Do you see calypso having a bright future?


If things go on the way that they have been going, then calypso is doomed. 


How can your concerns for the future of calypso be addressed?


What can we do?  We can try to convince the authorities to pay more attention to preserving the art form instead of paying it "lip service." Former Minister of Culture Mrs. Joan Yuille-Williams was on the right track.  Nowadays, we have certain people telling the judges in training to "’let us by-pass the Chalkdust era".  A couple years ago, when I won the monarchy with "My Heart and I", a then senior official of Trinbago United Calypsonians Organisation (TUCO) said quite publicly, "It is time for Chalkie to quit."  Had it not been for the likes of Mr. Ainsley Lucky who responded in protest, the public might have been convinced.

What are your views on the proliferation of soca and, to a lesser extent, chutney soca in Carnival in recent years?

There is room for all.  It is up to the powers-that-be to show non-committal to one over the other.  No favouritism.


Do you see the traditional calypso tent surviving in its present form or does it need to evolve?


In its present form?  No.  It needs to evolve with the times.  Visit any tent during Carnival time.  What is the age group present?


Do you think that calypsonians are treated fairly by the State and corporate sponsors compared with soca and chutney artistes?

An unequivocal "No!"  Calypso is being relegated to the dinosaur heap.

Politicians on both sides of the political fence cringe when they hear your compositions. Have you ever considered a career in politics?

Yes.  Listen to "P.N.M. loves Me".  But I am more effective as "The People's Politician".  Mr. David Rudder stated it well: "Lyrics to make a politician cringe."


What were some of the surprises that you had in store for the 2015 Carnival season? Did you have any of the trademark Chalkdust surprises planned for this year?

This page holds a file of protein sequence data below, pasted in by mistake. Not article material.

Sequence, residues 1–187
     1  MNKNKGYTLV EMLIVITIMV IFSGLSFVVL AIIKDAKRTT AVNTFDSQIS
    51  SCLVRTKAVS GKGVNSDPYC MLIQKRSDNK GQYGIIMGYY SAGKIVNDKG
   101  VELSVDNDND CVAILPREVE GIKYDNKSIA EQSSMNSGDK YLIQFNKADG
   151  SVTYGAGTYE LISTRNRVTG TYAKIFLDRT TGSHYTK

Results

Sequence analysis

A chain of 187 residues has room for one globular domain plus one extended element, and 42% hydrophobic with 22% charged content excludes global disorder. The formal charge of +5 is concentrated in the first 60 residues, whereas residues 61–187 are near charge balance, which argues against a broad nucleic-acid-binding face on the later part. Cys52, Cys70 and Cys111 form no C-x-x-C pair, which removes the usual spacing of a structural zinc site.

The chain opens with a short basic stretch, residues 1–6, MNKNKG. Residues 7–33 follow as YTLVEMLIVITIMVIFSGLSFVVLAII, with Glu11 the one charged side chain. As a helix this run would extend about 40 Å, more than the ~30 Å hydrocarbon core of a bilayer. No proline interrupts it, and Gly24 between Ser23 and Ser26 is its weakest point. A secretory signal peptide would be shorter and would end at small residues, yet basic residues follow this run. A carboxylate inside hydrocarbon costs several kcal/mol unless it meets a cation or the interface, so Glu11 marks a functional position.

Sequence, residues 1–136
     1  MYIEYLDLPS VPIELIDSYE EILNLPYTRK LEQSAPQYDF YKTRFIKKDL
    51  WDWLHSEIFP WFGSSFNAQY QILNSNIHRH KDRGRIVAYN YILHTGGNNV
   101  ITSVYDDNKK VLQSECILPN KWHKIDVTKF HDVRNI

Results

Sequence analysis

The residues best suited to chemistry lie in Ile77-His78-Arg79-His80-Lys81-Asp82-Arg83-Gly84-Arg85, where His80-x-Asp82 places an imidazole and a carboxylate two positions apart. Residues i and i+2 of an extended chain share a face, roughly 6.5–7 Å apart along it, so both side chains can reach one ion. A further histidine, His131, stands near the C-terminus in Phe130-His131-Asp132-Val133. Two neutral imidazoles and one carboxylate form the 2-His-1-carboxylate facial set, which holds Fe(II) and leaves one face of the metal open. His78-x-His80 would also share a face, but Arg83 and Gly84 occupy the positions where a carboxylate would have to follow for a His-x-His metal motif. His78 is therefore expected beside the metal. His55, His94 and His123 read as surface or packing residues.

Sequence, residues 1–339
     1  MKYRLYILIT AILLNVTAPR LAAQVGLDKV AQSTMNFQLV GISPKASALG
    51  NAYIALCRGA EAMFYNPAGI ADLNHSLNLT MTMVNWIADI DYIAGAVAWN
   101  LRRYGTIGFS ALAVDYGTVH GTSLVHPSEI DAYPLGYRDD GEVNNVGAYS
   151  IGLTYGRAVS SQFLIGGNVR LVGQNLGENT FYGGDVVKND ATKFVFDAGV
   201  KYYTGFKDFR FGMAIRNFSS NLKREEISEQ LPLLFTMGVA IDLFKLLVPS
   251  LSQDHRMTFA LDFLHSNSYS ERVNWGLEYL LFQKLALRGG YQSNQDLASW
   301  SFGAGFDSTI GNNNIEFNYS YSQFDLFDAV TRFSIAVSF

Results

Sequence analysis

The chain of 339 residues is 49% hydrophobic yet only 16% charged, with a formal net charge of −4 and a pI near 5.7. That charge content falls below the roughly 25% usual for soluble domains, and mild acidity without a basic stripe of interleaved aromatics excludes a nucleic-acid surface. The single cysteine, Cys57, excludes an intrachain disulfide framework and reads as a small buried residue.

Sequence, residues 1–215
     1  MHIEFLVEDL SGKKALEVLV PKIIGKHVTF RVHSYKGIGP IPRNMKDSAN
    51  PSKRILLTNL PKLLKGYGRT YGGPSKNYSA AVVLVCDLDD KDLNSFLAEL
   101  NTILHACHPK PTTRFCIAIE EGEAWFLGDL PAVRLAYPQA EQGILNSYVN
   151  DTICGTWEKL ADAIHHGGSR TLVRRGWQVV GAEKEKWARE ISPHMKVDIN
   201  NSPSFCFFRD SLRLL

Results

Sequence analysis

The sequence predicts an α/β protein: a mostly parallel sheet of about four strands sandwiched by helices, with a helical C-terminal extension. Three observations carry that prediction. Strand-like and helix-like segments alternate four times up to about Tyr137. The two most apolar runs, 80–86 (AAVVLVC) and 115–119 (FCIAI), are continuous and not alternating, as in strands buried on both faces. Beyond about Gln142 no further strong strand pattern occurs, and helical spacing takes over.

As you know, I was not chosen for the 2015 National Calypso semi-finals, so that had scuttled me somewhat.  Apart from myself, I believe that the calypso fan has been deprived big time in 2015 because Skatie, Cro Cro and M’ba (to name but a few) were also blanked this year.  I had "Trademark Surprises", as you so aptly termed it, but alas, the public is the loser. 


Outside of calypso, what are your present professional endeavours?


Outside of calypso, I am involved in horse racing and I am keen on the inside machinations of music.

How has your career as an academic impacted on your career as a calypsonian?

At first they were ‘found’ to be at variance.  Listen to "To Hell With The Ministry".  I fought a great fight with the Ministry when I started out as a calypsonian.  I persevered.  I beat them.  Even the late former Prime Minister of Trinidad and Tobago Dr. Eric Williams came into my corner, lending me his support.


Finally, who are some of the younger calypsonians that you see taking the artform into the 21st century?


I see Brian London, Devon Seales, Kurt Allen, Kareen Ashe, Heather McIntosh and Lady Tallish flying the flag for calypso in the future.

By: Chris Selochan | FEATURES | October 2015